Chrome Browsers Website Security Warnings Are Changing
Google intends to remove the Secure URL label from Chrome’s Chrome browser in September 2018. This will improve web security. The Chrome Secure URL label helps users determine if the websites they’re currently visiting are safe.
Emily Schechter, Google Chrome’s Security Product Manager posted the official announcement on Google Chrome’s official blog. According to Emily Schechter, the update will be deployed with Google Chrome’s September 2018 launch of version 69. This version won’t have the “Secure”, green padlock icon, and the “Secure” text that is usually displayed in the URL bar for websites with the HTTPS classification.
Google’s decision not to provide a green secure box for HTTPS sites is based upon the fact that HTTPS sites were still a minority at the time the practice of providing the “secure” label initially. Google will now label HTTPS websites as unsecured, even though this is currently false.
Emily Schechter stated that they will use user information to determine the safety of websites. They hope internet users will recognize potentially dangerous sites and avoid them.
Emily Schechter posted an image of Chrome Version 69 that shows the final treatment of HTTPS sites on her official blog. What are HTTPS and its role in website security?
HTTP stands for Hypertext Transfer Protocol. HTTPS is short for Hypertext Transfer Protocol. The “S” at the end stands for Secure. Sites without an HTTPS label could mean that users’ data may be compromised.
There are two important things to consider when making an online purchase, or providing sensitive information such as credit card numbers, on a website. The first concern is the security of the connection between your computer and the company’s computer. The security of all personal data that travels from one computer to the other must be ensured so that criminals can’t access it.
Two ways can be used to determine if a website is secure. First, verify that the address bar contains either HTTP or HTTPS. The missing “S”, which stands for “Secure”, is crucial. You can also visually inspect the padlock icon in your browser. If you see HTTPS with a padlock on the browser, it means that the connection is secure and encrypted.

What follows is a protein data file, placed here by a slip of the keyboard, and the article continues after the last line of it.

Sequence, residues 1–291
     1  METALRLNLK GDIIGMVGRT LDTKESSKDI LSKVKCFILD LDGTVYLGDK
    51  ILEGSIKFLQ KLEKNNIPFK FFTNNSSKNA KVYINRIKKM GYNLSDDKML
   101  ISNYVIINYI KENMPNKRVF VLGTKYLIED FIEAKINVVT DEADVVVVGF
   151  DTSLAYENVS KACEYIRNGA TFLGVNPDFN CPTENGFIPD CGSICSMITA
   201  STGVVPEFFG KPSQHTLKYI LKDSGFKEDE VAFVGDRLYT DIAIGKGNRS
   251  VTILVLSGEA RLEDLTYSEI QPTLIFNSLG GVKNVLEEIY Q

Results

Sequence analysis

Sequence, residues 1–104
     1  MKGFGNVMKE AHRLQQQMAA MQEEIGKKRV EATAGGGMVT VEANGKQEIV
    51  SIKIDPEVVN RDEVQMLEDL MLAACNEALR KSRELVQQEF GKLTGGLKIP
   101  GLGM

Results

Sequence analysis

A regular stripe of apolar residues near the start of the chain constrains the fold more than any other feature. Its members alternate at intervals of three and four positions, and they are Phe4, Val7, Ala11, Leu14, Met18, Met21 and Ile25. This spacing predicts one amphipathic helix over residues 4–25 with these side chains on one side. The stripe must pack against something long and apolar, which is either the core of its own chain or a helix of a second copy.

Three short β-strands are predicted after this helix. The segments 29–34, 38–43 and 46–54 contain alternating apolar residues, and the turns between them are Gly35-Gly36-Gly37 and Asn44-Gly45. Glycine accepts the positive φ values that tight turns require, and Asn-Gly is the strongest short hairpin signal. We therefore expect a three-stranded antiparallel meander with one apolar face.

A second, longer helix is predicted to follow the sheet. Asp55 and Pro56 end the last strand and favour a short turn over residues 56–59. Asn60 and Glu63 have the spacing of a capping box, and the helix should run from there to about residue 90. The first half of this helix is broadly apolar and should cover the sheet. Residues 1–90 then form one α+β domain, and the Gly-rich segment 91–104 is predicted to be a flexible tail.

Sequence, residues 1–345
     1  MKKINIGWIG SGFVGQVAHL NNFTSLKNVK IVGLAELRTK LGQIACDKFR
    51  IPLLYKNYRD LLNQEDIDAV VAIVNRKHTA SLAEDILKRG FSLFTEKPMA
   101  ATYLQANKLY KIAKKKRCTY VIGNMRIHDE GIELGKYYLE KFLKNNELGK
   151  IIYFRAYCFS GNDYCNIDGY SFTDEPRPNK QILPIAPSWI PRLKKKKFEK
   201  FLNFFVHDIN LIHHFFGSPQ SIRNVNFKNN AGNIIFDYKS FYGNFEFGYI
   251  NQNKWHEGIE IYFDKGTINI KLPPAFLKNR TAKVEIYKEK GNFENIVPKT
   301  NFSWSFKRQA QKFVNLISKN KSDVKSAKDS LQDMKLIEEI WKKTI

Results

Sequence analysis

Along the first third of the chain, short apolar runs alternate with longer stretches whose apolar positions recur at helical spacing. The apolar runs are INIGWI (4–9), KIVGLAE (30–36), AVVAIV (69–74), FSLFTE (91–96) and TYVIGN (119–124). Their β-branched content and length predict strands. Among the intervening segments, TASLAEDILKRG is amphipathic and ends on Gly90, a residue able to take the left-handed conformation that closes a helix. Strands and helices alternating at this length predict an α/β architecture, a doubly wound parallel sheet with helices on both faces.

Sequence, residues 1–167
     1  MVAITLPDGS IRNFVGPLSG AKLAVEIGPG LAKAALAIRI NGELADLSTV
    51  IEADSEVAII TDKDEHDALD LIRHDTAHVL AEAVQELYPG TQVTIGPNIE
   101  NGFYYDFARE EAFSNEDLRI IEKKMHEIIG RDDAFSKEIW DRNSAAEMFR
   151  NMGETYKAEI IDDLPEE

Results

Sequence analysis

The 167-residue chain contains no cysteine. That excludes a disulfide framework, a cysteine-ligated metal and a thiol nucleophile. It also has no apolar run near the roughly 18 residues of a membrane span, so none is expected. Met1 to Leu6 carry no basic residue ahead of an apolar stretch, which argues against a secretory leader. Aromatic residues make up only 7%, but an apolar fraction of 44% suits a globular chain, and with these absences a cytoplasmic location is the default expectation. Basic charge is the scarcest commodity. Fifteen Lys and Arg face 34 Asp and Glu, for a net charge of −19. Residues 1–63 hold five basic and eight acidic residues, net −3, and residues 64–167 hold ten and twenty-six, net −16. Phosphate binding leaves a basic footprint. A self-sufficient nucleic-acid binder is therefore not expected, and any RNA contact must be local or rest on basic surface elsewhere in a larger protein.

What about the company behind this website?
How can you tell if it isn’t a criminal using a secure connection
A new web security system makes it easy to recognize suspicious websites. Modern web browsers show color and company names in their address bar, which helps you identify if the site is trusted.
To be considered safe by Chrome, websites that don’t have an HTTPS label will need to obtain an SSL certificate. SSL acts as secure encryption, securing the interaction of the webserver with the user.
To be recognized as a secure website by Chrome, websites that don’t have an HTTPS label need an SSL certificate. SSL certificates encrypt the communication between both parties and provide secure interaction between webserver/user.
Certificate Authorities are independent companies that issue SSL certificates to websites. These reviewers are:
- You should ensure that they use a secure connection (i.e. ensuring Website Security).
- Validate the identity behind the website by registering the domain and obtaining third-party verification.
The Certificate Authority issues an EV SSL Certificate if the site passes these tests. Only sites with these certificates can display color in their address bar, including the company name and address.
If the site’s color is green, it means it is safe. However, if the site is red, you should not visit it. This website security check stops criminals from obtaining SSL certificates that would allow them to display the Green color information (“Secure”) in the browser’s address bar. If you see green information in an address bar, it means that the website is secure and legitimate.
Chrome will mark HTTP Web sites as “Not Secure” starting July 2018.
Chrome 69 will be updated in September to remove the HTTPS website security label. Chrome 70, however, will update in October 2018 to provide the HTTPS site security label. Chrome will now label all HTTPS websites “Not secure” starting July 2018. Chrome will display a warning icon and a “Not Secure” label in the URL status bar when a Chrome user visits a non-HTTPS site.
Chrome 70 will also display a “Not secure” label and a warning icon in the URL status area of the Chrome browser for HTTPS websites that don’t have SSL certificates. Emily pointed out that this would be the end of Google Chrome’s positive security features.
Google’s calendar does not have any dates set for future announcements about web browser security after Chrome version 70. Emily stated that Google has not yet set a date for the final web browser security status. Google’s ultimate goal is to mark all HTTPS sites as non-secure and all HTTPS sites without SSL certificates as secure. Although this information may give some insight into the security status of a site’s actual security, it is not enough to realize that the root cause of so much online evil is the inability to have basic cyber security knowledge and the assumption that everything you do is secure.